On how thinking about his parents kept him from hurting himself

Having dealt with depression since a young age, there's been a handful of things like that where I've found something to hold on to and protecting my parents was actually a really big one. ... [I thought] about people like my parents and a handful of friends, girlfriends along the way, where you think about how's it going to affect those other people.

That was something that kept me hanging on from time to time. Ultimately though, being largely on the other side of it now, I needed to, I think, stop hanging that on other people and eventually learn how to kind of deal with myself and fix things for myself.

On how medication helped his creative work

Gethard says that therapy and medication help him cope with his depression.
Clay Anderson / Chris Gethard
Chris Gethard
Gethard says that therapy and medication help him cope with his depression.

It really helped. The whole romanticized "sad clown" thing, we gotta get rid of that. That has to go! That's just getting sick people to voluntarily stay sicker and sadder than they have to be.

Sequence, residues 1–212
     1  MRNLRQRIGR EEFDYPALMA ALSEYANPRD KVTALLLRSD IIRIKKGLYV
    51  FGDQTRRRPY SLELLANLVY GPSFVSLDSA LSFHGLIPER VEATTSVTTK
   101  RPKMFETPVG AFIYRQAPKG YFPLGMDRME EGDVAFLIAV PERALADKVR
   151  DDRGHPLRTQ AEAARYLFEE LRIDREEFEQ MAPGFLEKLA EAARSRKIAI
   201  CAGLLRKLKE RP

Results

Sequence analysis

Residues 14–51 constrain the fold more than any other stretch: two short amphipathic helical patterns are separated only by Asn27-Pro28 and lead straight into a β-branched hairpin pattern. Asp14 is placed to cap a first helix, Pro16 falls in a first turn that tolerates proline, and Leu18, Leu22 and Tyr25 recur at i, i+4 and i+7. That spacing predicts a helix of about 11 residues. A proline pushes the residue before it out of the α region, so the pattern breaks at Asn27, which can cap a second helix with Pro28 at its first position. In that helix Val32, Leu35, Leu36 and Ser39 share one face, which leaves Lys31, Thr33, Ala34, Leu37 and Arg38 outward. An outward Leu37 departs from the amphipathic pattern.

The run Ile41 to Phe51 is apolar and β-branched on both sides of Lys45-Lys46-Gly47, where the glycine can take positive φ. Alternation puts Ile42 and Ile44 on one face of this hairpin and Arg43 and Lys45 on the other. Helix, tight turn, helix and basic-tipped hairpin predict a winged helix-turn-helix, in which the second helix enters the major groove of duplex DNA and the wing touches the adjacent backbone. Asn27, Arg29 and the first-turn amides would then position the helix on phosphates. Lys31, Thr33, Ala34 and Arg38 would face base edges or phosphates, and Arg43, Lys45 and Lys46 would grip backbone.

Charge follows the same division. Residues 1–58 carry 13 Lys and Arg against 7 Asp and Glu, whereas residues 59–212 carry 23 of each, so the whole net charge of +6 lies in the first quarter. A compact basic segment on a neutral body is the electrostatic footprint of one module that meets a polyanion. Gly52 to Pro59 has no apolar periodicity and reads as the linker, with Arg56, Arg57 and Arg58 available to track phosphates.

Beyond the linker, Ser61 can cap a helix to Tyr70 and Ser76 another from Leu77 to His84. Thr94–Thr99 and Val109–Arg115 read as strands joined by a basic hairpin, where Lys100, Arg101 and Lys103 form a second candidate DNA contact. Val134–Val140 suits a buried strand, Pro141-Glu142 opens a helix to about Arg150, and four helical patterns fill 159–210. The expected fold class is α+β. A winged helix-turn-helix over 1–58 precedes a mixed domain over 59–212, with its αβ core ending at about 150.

For me, I took medication and there's a few things. A: My ideas weren't born out of mania anymore. I very classically would go into manic phases, which were as dangerous, if not more so, than the depressed phases, and I think I'd come up with the best ideas I ever had and then the next day I'd look at them and be like, "This is nonsense," because it was born out of a manic episode. What a waste of time.

And then on top of that, being medicated means that I can get out of bed consistently, I can do second drafts, I can keep things organized. I'm not giving into all sorts of impulsive behavior, like I can sit down and work and get things done. Both creatively and organizationally, being medicated has helped me immensely.

My career did not start until I was medicated. I can track the years I was off medication things dipped, and the years I went back on medication is when things started to get good for me again careerwise. It is 100 percent, in my case, undeniable that being medicated helped my creativity.

On learning that some of his family members suffered from mental illness

I'm so flummoxed that this stuff is so stigmatized and viewed as so shameful that we hide it, and then what happens is that cycle perpetuates. In my case it did. I think if I knew my grandfather had been sick I think maybe I would've been able to say to somebody sooner, "Hey, I want to know what happened to my grandpa, because I think it's happening to me." I didn't even know that was a sentence I had the option of saying until after things had hit rock bottom. ...